Have you considered butterfly gardening? Every summer I look forward to seeing butterflies visiting flowers at my home. This has always been a joy of mine since childhood. It was mostly Monarch and smaller yellow or white butterflies we called cabbage butterflies. It wasn't until I was adult, that I began to get curious about how your garden can attract different butterfly species. Thus, grew my interest into the world of how to start butterfly gardening.
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What is butterfly gardening?
Simply put butterfly gardening is the art of growing flowers and plants that will attract these colorful and dainty creatures to your garden. Delight having beautiful butterflies visiting your flower beds. But, be also create a safe habitat for butterflies to live. This means creating an habitat life atmosphere in your yard that will invite butterflies to come live, eat, and leave eggs for the next generation of butterflies.
Designing Your Butterfly Garden
The design your butterfly garden is a matter of personal preference. Typical points to consider are the size of your garden and the types of flowers and plants you want to grow. Pick a style of garden that appeals to you, but ensure it also contains the plants and flowers that appeal to the butterflies you wish to attract. You can, also, include flowers and plants that other wildlife will like. Humming birds and honey bees, especially, are attracted to some of the same flowers as butterflies are.
Key Butterfly Garden Elements
To create the kind of environment that they find attractive, you will also need water of some kind. A birdbath or watering station will look attractive and keep the butterflies up off the ground, away from cats or dogs. A shallow dish on a post or hung in a tree will do just as well.
Speaking of pets, be sure to have safe areas for your little winged friends to be free of being chasing down. Although, our cat has never caught a butterfly, she used to be very fond of eating moths. As yucky as that sounds, cats and dogs are curious and will want to chase down any winged creations from your garden. Therefore, depending on how much your pets try bothering visiting wild life, you may need to create some areas out of bounds to your dog or cat. For example, if you have a fenced back yard, plant your butterfly garden outside of the fence, like a sunny side yard or show off your beautiful blooms in the front of your home. Where ever you get a fair amount of sunlight since many butterfly attracting plants prefer full sun.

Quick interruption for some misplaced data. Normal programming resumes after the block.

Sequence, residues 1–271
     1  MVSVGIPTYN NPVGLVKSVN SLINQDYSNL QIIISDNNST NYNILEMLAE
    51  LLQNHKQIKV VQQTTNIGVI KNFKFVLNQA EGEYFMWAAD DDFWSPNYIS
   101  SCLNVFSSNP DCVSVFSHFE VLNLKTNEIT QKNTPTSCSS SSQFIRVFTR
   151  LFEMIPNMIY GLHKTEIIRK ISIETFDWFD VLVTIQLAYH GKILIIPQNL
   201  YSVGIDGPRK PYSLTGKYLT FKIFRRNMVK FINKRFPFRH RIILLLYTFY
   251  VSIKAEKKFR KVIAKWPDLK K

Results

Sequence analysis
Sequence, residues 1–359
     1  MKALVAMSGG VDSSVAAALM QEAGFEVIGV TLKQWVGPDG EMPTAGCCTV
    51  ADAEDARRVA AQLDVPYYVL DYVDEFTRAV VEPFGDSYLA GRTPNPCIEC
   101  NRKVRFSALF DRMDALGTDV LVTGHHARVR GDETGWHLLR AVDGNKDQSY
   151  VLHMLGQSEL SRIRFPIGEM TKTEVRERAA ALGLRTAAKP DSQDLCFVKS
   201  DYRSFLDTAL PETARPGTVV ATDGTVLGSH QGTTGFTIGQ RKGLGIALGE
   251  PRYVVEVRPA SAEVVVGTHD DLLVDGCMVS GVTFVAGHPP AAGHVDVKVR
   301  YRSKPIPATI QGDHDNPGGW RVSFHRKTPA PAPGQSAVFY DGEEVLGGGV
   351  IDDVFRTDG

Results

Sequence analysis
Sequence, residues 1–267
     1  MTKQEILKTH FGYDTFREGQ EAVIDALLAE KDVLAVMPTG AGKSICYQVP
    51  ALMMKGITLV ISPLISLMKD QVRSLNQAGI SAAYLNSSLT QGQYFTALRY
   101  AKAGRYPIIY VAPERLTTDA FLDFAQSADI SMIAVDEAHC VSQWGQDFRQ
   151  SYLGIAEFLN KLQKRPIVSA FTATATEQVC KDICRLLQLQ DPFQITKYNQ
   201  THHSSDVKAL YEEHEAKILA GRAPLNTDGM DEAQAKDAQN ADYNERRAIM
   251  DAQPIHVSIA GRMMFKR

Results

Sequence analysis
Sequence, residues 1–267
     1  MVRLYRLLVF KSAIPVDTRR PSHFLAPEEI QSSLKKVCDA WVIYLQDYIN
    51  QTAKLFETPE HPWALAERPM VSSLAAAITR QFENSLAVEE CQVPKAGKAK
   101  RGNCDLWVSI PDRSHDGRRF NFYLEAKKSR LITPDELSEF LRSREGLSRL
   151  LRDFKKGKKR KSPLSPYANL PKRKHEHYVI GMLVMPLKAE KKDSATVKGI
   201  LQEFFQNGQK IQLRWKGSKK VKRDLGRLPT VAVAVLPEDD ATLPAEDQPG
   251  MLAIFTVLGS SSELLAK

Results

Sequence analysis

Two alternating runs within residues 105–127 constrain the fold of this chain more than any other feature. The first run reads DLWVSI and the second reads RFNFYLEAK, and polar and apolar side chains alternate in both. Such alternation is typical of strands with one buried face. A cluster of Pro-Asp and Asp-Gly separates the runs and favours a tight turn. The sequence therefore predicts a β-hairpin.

You can also place butterfly houses in your garden. These are safe little wood houses for the butterfly to enter to rest during the night and protect them from wind and storms.
Choosing the Right Plants
Speaking of plants, it is important you learn which plants and flowers will attract the species of butterflies that live in your area. Websites such the Wikpedia and Butterfly Conservation Organization(UK) or Plant Delight, can help you learn about your area's butterflies. Of the 17500 types of butterflies worldwide, about 750 are found in the United States. Knowing what types living in your area of the country will make planning the right plants for butterfly gardening much more successful.
When planting your butterfly garden, be careful how you coordinate the colors you choose for your flowerbeds. Although, butterflies do not care about your choice of color, you don't want your garden to be a hodgepodge of unrelated colors and textures. Butterflies are attracted to those flowers that have nectar rather than pollen.
Here are some popular varieties:
- Angelica – Queen Anne's Lace (nectar and host)
- Aster (nectar and host)
- Baptisia (host)
- Beebalm (nectar)
- Black-eyed Susan (nectar)
- Butterfly Bush (nectar)
- Butterfly Flower or Butterfly Weed (nectar and host)
- Coneflower (nectar)
- Daisy (nectar and host)
- Goldenrod (nectar)
- Grasses (host)
- Joy-Pye Weed – Eupatoriums (Nectar)
- Ironweed (nectar)
- Lantana (nectar)
- Liatris (nectar)
- Mint family – includes Agastache, Lavender, Rosemary, Calamintha, Pycnanthemum (Nectar)
- Phlox (nectar)
- Pipe Vine (host)
- Salvia (nectar)
- Sedium (nectar and host)
- Snapdragon (nectar and host)
- Stokesia (nectar)
- Sunflower (nectar and host)
- Verbena (nectar)
- Yarrow (nectar)
You can learn more about these from Backyard Boss where I found this very helpful list. In my search for butterfly friendly plants I found that many are perennial. That means they will grow and bloom each year.
The Xerces Society has put together helpful guide sheets. Each guide is for a different region of the country. They list native plants that are pollinator friendly for butterflies, bees, and hummingbirds.
Some people find it helpful to draw and color a layout of their butterfly gardening plan to see what the finished product would look like. Keep in mind that warm colors like red and orange are flashy and showy. These colors have a greater impact against a strong green background. Cool colors such as blue and purple are soothing and toned down. And, these would work better with a white contrast to create the look of freshness and brightness. Basically, have a plan in mind, when planting your garden. Then you and the butterflies will both enjoy it more!
Starting a butterfly garden doesn't have to be complicated or hard to do. Start gradually introduce new plants to your garden beds that are known to attract butterflies in your area. Local greenhouses can be very helpful in suggesting plants that are designed for you area and can give you tips on keeping your plants healthy. As you get more practice gardening, you can branch out with more plants and attract all kinds of species of butterflies, birds, and bees to your garden. It not only feeds your soul enjoying watching them, but also benefits the environment as a whole.